Miranda is also a woman of faith, of a gentle spirit. She is quiet, yet bold. Creative.

There’s so much I love about this girl of mine, who really is not mine in the sense of ownership. No one owns anyone. But the bonds of family connect us, hold us close in the infinite love of a mother for her daughter. Today my love overflows as I think of the sweet baby girl I welcomed all those decades ago. On her timeline, not mine.

Happy birthday, Miranda! I love you. Always.

© Copyright 2018 Audrey Kletscher Helbling

 

In celebration of my daughter & son on their February birthdays February 9, 2018

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A cake made by my niece, also named Amber, for her daughter several years ago. Minnesota Prairie Roots file photo.

 

FEBRUARY BRINGS NOT ONLY the dreaded time of year when I must prepare information for the tax preparer. But it, thankfully, also brings joy as two of my three now grown children celebrate birthdays. Today and tomorrow.

 

Amber at six months old. File photo.

 

Eight years apart in age, Amber and Caleb are at two distinctly different points in their lives. Amber is well-settled into married life and life as a mom to Izzy, nearly two. Caleb lives with several other guys in a greater Boston apartment and is just beginning his career in technology.

With nearly 1,400 miles separating my oldest and youngest and with their sister living in between in eastern Wisconsin, we manage to gather as a family about once a year—the last time for a family reunion in August. I don’t like that such distances separate us. But it is our reality and we rely on technology to stay connected.

 

Caleb at 1 1/2 days old. Minnesota Prairie Roots file photo.

 

When I think back on the connection between my eldest daughter and her brother, I smile. From the day I came home from the hospital with my 10 lb., 12 oz. bruiser baby boy, Amber doted on him. She was at the perfect age to embrace a baby. Later Amber assumed the role of teacher, teaching Caleb his numbers, the alphabet and more. She read books to him, too, and simply loved on her brother.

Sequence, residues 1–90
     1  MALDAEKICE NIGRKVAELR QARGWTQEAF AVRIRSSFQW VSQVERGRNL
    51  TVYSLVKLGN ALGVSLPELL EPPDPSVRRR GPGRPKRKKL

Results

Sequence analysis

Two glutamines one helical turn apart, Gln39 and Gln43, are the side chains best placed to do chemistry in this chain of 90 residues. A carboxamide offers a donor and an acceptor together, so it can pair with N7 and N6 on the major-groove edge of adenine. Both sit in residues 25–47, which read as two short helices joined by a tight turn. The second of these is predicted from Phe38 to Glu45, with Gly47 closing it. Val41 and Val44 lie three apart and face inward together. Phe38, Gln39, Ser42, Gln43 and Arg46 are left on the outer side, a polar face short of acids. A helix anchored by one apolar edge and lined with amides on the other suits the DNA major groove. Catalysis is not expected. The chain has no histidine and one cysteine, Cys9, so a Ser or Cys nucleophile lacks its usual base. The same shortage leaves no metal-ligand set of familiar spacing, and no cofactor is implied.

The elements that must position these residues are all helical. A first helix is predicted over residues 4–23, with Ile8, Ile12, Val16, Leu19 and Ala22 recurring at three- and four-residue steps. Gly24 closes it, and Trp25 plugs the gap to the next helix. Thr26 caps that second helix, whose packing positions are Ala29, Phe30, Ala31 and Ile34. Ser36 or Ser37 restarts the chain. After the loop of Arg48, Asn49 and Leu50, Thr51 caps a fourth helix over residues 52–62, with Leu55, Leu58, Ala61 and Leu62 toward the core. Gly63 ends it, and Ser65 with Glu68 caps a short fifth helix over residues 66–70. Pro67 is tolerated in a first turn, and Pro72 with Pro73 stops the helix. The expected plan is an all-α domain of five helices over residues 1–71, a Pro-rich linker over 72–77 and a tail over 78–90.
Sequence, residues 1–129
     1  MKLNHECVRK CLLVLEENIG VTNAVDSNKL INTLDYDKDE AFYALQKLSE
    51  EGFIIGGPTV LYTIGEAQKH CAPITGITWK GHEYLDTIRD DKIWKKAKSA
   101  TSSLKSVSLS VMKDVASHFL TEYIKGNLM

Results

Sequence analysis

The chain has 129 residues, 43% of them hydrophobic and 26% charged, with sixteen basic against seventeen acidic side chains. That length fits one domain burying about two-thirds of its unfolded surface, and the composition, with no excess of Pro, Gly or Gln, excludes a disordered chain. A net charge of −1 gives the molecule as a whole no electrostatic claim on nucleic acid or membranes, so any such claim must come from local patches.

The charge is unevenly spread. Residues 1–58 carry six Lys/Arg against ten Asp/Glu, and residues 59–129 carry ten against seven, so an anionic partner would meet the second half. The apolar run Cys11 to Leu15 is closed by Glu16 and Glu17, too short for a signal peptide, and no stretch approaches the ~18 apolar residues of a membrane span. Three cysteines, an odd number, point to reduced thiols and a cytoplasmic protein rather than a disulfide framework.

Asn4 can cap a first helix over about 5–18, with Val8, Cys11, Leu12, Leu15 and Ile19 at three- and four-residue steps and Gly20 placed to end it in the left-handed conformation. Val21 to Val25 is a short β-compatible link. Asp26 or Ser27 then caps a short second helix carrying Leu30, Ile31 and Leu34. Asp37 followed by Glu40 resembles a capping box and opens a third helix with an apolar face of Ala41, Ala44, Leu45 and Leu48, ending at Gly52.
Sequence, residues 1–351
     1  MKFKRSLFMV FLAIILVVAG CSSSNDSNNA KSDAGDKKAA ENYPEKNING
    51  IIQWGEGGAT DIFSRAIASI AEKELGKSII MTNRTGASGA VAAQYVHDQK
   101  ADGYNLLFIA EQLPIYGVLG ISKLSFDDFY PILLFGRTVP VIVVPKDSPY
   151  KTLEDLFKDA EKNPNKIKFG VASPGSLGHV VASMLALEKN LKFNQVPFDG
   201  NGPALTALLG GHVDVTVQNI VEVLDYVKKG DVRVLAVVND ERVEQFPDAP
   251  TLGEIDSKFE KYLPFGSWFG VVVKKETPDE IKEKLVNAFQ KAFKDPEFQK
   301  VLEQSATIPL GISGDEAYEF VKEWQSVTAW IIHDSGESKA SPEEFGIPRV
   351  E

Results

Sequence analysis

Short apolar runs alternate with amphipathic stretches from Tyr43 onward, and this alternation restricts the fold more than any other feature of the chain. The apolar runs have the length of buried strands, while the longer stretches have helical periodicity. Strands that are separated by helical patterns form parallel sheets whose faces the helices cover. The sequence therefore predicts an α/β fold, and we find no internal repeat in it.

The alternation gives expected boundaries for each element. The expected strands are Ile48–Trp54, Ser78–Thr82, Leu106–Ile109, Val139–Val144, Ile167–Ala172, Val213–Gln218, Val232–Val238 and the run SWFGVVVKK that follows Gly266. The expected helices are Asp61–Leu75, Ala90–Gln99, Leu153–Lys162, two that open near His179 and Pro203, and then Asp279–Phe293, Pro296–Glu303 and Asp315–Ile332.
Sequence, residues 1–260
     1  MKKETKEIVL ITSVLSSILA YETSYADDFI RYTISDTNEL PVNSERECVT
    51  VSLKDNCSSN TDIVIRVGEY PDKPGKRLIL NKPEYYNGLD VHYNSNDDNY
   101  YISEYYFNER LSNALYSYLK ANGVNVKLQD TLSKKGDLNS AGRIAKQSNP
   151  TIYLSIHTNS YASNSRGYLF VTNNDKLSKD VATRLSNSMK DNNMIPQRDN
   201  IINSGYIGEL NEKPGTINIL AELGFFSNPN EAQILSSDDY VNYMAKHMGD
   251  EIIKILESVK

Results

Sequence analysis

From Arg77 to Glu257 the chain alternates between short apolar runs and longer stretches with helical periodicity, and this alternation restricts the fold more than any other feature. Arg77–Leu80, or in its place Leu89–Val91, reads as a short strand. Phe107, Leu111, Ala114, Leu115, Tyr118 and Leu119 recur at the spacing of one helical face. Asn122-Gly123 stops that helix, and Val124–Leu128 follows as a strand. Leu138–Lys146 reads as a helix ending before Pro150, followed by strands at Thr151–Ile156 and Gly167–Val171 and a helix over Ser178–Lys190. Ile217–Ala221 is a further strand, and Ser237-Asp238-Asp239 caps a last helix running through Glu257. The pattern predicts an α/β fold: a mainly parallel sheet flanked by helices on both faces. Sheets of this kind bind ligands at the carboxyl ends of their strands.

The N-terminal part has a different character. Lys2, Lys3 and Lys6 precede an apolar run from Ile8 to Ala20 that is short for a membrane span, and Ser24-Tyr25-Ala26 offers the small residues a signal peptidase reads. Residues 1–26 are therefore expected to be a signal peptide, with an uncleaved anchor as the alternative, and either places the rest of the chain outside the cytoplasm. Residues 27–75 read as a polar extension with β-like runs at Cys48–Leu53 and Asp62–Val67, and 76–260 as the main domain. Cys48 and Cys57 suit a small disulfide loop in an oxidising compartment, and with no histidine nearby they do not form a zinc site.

Caleb and Amber. Minnesota Prairie Roots file photo August 2017.

 

That love still shines strong. When I observe the two of them together, I see the depth of love they hold for each other in the gentle teasing, the arm draped across the shoulder, the warm hugs. Amber has been there for her brother, always, whether working a puzzle with him at age four or flying across the country to Boston years later.

I see in Caleb an admiration for his sister, a genuine desire to spend time with her when he’s back in Minnesota. I note him bonding with his niece. When I see Caleb holding Isabelle and reading to her, my mama’s heart overflows with love. Love is coming full circle.

On these two February days, the ninth and the tenth, I celebrate Amber and Caleb. I have watched them grow into two loving, caring and strong individuals. I am honored to be their mom. While geographical distance separates us, love keeps us close. For that I am grateful.

 

Amber at three months. Minnesota Prairie Roots file photo.

Happy birthday, Amber!

 

One of my all-time favorite photos of my son at age five. Minnesota Prairie Roots file photo.